Feds expand flood damage help to homes and businesses
After weeks of storm damage surveys, the federal government has opened a funding pipeline for homes and businesses in El Dorado County damaged in the New Year’s floods.
The Federal Emergency Management Agency expanded the relief declaration for the county on Thursday. Before that, the designation was reserved for government and nonprofit agencies in the county – which has estimated the storm damage for the period from Dec. 17 to Jan. 3 at $9 million. Half of the amount is in damage to county roads – especially Mosquito Road – on the county’s West Slope. The other half was sustained by the private sector.
“I’m glad to see those possibilities for flood-damaged areas,” 5th-District Supervisor Norma Santiago said.
During the storms, a few feet of water collected in areas from the Tahoe Keys to the Bijou area.
Property owners can make claims by going online to http://www.fema.gov or calling (800) 621-FEMA. The disaster relief money – which has no cap – picks up where insurance claims leave off.
FEMA home inspectors will examine at no charge structural damage to homes, appliances and other items damaged by the storm.
“We recommend people make the case. If they say no, then what’s the loss?” said Marty Hackett, director of the county’s Office of Emergency Services. Hackett met with FEMA officials Monday to coordinate a disaster assistance center where people could inquire or file for relief.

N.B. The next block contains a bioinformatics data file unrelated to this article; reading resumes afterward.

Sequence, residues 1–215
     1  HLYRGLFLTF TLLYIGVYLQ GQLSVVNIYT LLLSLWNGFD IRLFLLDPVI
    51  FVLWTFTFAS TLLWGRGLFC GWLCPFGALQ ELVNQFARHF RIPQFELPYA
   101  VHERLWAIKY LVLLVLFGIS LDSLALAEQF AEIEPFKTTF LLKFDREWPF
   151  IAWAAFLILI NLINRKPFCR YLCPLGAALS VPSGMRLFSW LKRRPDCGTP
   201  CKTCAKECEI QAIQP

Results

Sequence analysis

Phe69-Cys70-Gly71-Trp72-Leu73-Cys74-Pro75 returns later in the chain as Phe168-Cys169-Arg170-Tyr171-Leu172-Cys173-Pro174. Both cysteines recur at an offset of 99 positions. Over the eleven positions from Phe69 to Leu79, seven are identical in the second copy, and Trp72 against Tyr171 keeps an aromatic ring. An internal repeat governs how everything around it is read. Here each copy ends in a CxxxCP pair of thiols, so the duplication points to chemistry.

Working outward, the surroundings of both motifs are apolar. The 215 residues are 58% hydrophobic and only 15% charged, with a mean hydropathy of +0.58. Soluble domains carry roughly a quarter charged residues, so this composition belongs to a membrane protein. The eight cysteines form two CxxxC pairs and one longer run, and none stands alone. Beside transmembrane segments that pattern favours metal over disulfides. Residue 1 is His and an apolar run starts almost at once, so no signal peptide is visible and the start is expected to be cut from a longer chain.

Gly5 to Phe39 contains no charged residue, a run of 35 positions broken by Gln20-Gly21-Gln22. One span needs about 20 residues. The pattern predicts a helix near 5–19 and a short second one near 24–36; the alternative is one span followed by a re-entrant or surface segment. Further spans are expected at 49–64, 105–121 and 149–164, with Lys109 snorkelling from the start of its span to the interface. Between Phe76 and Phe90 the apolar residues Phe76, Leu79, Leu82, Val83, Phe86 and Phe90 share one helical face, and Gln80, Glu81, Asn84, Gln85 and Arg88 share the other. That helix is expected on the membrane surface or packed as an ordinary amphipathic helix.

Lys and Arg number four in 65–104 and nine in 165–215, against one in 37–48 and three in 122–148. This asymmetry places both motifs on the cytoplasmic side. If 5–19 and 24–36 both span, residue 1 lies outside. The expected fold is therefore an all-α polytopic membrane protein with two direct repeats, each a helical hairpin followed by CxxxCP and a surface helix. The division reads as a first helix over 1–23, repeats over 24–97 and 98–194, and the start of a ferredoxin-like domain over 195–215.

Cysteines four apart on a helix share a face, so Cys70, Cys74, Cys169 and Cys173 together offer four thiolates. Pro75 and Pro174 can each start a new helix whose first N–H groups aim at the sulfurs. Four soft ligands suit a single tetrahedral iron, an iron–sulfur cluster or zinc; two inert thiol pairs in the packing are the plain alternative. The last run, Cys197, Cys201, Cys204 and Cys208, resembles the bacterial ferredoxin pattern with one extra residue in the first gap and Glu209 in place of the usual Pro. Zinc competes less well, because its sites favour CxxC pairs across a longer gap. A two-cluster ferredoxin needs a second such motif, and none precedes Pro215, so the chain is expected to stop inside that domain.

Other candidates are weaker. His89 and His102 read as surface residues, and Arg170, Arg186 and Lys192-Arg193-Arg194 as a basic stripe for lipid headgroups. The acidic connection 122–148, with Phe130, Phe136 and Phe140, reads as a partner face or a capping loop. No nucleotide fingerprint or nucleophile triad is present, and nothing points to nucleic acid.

When the New Year’s storms flooded 40 rooms at Super 8 Motel, Pradip Patel filed an insurance claim for money to replace Sheetrock and bedding.
“We just finished replacing the carpet last Friday,” he said Monday, as stormwater formed large puddles behind his motel from Monday’s storm.
Residents and businesses are also urged to apply with the U.S. Small Business Administration for low-interest loans to recover either property damage or economic losses.
Homeowners may receive up to $200,000 at a 2.687 interest rate for structural property damage and $40,000 for damage to personal property. SBA will loan up to $1.5 million at a 4 percent rate for businesses that provide a case of economic injury.
Brent Springbett of Tahoe Bike Shop said he’d be interested in filing such a claim. The power was out in his business for three days beginning Dec. 31.
“It was a holiday. I probably lost about $10,000 in business,” Springbett said.
As far as the public sector, the city made a claim for about $14,000 in staffing reimbursements. Over the holiday, public safety and public works employees worked longer hours and more of them were out on the streets, Fire Chief Lorenzo Gigliotti said.
Thirteen California counties were declared disaster areas during the New Year’s storms that many compare on some level to the 1997 floods.
“We remain as committed to ensuring that every qualified family and business receives the help they need and that vital community facilities are restored to full service as quickly as possible,” said Tom Davies, FEMA’s federal coordinating officer.
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